The Surf Gene

Are great surfers born or made?

Pat, Tom, Frank, Nathan, and Leeann Curren. Photo: Ellis

This article appeared in our April Issue, themed the Science of Surf. To purchase the issue, click here.

In 1989, World Champ Tom Curren welcomed into the world a daughter, LeeAnn. Tom lived in France for several years with LeeAnn, her mother, and later a son, Nathan, before the couple separated and Tom moved back to the States. LeeAnn spent her childhood surfing the beachbreaks of Southern France with her younger brother, only visiting her father once or twice a year. LeeAnn developed as a surfer, eventually earning herself a slot on the Tour at age 19, and impressing the world with her impeccable style and grace.

Back in California, Tom remarried and had two more children, sons Frank and Pat, whom he raised in Santa Barbara. The boys grew up surfing with their father, gleaning the kind of intangible benefits and insight that constant contact affords. Today, both Pat and Frank are standouts on the Junior level. But all four of Tom’s children have undeniable ability.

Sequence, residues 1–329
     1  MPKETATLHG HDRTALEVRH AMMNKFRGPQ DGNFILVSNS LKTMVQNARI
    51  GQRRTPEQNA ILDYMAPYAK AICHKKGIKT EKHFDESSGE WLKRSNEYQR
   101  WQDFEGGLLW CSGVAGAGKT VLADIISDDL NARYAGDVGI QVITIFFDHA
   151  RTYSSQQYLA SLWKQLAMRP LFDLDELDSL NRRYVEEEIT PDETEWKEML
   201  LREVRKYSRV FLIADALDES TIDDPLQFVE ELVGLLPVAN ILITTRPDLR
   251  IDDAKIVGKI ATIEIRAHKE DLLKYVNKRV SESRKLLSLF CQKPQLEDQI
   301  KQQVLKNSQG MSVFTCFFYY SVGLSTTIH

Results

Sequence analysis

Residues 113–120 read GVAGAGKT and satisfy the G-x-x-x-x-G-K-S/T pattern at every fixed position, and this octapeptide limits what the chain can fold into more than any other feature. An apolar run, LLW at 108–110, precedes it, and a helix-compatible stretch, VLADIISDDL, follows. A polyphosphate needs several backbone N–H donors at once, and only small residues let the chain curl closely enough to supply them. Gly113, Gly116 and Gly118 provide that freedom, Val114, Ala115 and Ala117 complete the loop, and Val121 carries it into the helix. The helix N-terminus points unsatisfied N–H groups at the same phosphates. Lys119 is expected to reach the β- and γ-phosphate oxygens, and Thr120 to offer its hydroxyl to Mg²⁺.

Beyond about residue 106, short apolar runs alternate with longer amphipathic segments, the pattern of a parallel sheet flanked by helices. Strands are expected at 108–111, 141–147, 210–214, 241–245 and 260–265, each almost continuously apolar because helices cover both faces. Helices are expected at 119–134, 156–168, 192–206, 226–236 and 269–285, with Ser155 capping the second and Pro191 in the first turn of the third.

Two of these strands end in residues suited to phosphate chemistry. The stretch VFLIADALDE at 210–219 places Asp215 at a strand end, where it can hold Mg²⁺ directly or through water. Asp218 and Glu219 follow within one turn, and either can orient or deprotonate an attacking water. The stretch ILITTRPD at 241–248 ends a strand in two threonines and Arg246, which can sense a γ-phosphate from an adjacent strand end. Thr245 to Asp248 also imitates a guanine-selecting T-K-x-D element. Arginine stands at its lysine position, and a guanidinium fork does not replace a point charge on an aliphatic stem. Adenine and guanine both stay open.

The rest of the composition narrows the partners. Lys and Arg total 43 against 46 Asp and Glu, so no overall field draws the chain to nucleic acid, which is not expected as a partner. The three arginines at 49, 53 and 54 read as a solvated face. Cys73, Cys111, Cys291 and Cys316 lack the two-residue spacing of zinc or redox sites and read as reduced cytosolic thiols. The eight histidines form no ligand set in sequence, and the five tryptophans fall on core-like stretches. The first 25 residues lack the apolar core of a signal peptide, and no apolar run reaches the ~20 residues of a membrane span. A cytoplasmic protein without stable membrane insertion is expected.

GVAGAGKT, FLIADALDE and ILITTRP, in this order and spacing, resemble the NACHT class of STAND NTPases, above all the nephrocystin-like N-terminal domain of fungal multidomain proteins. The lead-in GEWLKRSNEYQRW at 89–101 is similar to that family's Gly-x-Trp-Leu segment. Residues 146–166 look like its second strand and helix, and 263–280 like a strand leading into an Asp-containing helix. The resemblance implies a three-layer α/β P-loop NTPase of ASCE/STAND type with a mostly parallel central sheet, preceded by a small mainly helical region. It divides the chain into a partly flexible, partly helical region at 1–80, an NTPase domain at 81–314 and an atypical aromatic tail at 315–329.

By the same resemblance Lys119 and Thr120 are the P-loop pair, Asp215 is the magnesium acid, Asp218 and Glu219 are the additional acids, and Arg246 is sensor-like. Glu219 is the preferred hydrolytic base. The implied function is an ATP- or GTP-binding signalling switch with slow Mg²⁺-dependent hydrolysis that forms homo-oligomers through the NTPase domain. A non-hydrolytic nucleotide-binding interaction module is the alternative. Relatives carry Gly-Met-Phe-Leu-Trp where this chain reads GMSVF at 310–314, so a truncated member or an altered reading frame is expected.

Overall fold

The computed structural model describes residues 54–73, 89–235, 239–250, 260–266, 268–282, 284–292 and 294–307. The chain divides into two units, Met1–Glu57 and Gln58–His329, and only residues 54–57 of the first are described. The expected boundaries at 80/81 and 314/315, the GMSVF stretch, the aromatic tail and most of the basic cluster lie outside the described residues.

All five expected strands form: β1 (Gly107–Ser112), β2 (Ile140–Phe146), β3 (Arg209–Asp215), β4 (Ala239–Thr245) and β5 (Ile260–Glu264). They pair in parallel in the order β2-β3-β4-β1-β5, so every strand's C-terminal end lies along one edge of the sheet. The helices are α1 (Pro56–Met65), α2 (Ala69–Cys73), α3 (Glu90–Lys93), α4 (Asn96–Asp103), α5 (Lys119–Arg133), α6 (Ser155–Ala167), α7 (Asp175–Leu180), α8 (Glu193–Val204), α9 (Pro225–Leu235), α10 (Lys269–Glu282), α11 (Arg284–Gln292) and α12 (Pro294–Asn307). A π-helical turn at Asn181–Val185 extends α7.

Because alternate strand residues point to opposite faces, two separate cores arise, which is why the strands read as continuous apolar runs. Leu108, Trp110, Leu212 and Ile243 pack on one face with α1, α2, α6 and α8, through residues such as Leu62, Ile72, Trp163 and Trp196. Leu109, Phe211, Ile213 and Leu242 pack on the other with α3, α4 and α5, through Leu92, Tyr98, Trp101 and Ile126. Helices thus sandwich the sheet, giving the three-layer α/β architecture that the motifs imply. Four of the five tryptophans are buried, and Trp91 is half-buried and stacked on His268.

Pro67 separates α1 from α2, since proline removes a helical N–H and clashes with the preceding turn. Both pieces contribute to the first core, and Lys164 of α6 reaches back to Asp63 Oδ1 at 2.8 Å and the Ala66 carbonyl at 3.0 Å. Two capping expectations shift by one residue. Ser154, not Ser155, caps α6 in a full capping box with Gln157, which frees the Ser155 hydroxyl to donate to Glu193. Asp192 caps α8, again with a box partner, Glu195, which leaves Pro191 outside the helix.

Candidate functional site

The Currens serve as the perfect Litmus test for the surfing gene. In various combinations, nature and nurture have coalesced to create a family full of surf talent. It begs the
question, were the Currens born with the genetic makeup of inherently talented surfers? Or is their ability something that was simply nurtured into being?
It is a question that scientists have spent the past few decades trying to crack believing that somewhere in our complex genetic equation lies the secret formula for sporting supremacy. Experts have looked at the genes of elite-level runners and other sporting champions, analyzing the over 20,000 strands of human DNA in hopes of discovering which is responsible for athletic greatness.

Despite the numerous, multifarious studies that have been conducted, scientists have yet to identify the exact genetic makeup that accounts for athletic ability. But that’s not to say it doesn’t exist. Based purely on anecdotal evidence, we must concede that our genes are a vital component to physical excellence. Simply watch a children’s soccer game: some will take to sport with ease, while others can train until their blue in the face with no hopes of ever reaching the elite level, forever restricted to compete against their previous personal best. Then, take something like the over-representation of West African descendents in Olympic short-distance track events, or the similar skew toward East Africans among marathon runners.